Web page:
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Help Us Make a Documentary!


Our research shows that small and medium sized farms in the Pacific Northwest face many challenges that push farmers to be adaptable, creative, and resilient. These challenges – from rising land prices, to non-farming neighbors, to conflicting regulations, to economic, political, and environmental changes are often invisible to the consumer standing in the bright aisles of a local grocery store. For some farmers and growers, the challenges mean they struggle to stay in business or to pass their farms down to new generations.

Yet farmers, by their very nature, are resilient. Farmers combine their knowledge of farming with ingenuity and business acumen to face these challenges. They get excited about new technologies, experimentation, and growing or producing the food we eat.

Our communities need to better understand farm resilience of all sizes, types, and products. We have something to learn from the way farmers and growers adapt, learn, create in the face of unstable markets, politics, and environments. We also need to understand how to better support farmers doing what they do best.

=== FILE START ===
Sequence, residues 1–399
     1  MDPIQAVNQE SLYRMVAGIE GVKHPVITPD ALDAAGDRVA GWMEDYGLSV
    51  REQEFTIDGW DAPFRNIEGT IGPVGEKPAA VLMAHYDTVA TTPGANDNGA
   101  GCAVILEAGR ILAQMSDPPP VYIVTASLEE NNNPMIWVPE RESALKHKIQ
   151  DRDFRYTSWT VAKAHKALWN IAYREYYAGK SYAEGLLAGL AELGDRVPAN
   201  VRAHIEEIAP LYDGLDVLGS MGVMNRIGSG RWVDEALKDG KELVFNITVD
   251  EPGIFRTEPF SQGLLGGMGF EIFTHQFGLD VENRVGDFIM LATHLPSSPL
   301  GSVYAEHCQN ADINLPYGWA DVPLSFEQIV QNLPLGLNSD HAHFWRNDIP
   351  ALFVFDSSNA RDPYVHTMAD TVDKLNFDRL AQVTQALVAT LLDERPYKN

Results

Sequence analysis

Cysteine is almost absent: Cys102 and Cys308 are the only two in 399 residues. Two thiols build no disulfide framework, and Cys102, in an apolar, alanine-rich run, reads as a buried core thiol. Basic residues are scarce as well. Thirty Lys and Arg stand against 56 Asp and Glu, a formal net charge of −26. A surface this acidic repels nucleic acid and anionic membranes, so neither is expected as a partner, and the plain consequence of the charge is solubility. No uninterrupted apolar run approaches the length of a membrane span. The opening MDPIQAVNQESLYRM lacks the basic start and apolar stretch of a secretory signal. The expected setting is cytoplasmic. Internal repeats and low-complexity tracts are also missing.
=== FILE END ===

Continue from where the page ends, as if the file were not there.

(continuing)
We are currently raising funds to produce a 55 minute documentary on the realities of small farm production today. The film will explore threats to small farms and the diverse strategies farmers and growers are using to meet these challenges. It will examine how we can support farm resilience in our regions. The film will draw on findings of our research, with concept development and production provided by Hand Crank Films.

Our director, Caleb Young, and his able staff have produced a 2.5 minute film giving a powerful message – the message of our study, of threats and risks in farming and the need for practical wisdom in understanding these threats. This 2.5 minute film  is just the beginning.  The longer 55 minute film will expand our attention to threats, resilience, and farming in the United States. It will focus on policy that builds resilience and the ability to adapt – across all sizes of farms and the food, feed, and fiber they produce.